Lemole said it is the job of doctors to do their best for severely damaged patients, but sometimes, as in Giffords’ case, “we are wise to acknowledge miracles.”
Thursday morning, Giffords was acting more and more like someone waking up, said Dr. Peter Rhee, chief of trauma surgery at the medical center — yawning and rubbing her eyes. He said her eyes also are beginning to track movements, which is another good sign.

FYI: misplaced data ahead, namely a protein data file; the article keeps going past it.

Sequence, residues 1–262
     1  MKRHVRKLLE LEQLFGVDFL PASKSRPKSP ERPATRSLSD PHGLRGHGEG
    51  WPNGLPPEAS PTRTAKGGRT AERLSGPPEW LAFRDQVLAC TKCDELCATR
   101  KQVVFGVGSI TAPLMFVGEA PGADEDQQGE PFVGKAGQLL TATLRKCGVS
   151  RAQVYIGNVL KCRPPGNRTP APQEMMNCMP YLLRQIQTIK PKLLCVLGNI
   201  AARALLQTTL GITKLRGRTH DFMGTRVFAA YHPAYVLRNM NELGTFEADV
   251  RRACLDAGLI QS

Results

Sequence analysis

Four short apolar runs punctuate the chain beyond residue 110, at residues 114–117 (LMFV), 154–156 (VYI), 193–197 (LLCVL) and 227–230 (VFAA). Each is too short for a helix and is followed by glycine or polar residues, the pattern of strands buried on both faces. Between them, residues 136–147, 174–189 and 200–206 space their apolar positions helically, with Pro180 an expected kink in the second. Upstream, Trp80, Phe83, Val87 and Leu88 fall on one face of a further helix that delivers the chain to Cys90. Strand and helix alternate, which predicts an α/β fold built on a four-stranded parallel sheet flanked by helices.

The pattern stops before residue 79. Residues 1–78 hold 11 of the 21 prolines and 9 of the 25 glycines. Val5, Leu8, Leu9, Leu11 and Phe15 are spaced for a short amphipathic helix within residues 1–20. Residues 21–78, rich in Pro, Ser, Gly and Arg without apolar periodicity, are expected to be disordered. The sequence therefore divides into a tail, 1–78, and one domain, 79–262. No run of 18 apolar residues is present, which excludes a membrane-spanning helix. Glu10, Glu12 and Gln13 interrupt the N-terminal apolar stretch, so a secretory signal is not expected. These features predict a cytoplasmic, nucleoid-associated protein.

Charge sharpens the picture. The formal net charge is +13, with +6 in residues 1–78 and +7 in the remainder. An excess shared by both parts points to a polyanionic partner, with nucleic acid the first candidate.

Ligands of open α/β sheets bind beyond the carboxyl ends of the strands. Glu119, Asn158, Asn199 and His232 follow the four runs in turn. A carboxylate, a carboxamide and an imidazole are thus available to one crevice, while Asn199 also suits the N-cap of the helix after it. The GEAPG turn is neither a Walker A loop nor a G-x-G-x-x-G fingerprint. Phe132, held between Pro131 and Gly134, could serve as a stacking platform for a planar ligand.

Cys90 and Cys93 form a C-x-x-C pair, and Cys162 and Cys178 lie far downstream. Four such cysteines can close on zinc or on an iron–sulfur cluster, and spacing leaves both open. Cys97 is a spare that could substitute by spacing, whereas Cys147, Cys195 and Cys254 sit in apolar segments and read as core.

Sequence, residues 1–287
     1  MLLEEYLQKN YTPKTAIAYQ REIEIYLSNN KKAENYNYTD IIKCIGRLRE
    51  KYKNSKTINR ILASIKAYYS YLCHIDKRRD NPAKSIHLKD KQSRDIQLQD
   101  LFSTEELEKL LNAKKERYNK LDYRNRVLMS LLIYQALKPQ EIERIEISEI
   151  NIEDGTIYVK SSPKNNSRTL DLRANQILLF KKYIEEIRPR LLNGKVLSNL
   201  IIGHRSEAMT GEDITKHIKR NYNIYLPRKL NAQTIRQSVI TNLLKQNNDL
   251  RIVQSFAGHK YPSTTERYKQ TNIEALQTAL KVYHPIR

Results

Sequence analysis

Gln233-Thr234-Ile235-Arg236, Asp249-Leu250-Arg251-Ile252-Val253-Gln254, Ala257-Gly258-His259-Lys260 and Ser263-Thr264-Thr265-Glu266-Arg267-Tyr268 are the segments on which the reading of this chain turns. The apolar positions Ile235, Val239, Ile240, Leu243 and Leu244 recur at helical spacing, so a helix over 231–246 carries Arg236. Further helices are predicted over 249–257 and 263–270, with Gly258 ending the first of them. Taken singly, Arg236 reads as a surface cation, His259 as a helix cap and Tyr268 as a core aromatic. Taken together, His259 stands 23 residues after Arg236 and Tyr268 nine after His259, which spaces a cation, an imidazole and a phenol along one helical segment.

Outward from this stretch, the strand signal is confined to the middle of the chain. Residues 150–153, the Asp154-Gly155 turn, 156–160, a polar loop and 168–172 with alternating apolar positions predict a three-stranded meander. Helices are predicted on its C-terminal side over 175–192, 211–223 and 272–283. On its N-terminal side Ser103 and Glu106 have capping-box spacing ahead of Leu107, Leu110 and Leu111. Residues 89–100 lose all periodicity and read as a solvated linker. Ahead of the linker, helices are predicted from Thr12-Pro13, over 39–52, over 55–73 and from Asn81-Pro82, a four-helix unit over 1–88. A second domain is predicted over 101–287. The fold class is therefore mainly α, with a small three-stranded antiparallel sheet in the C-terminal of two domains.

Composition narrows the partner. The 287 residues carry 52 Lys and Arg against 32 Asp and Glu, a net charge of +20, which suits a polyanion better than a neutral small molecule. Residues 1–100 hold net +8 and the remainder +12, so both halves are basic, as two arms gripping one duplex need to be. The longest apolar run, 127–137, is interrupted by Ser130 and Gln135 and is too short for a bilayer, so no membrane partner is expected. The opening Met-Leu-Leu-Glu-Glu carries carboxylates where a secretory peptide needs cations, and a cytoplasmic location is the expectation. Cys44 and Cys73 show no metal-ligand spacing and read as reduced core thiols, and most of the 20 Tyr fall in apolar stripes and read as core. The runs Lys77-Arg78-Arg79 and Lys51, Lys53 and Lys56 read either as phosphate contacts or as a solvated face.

The next major hurdle, the doctors said, will be removing the breathing tube, but they are unlikely to do that for a few more days. They are using it to puff warm, moist air into her lungs to prevent fluid accumulation that could lead to pneumonia. Giffords is breathing on her own, however.
Once the tube is out, they will be able to assess her ability to speak.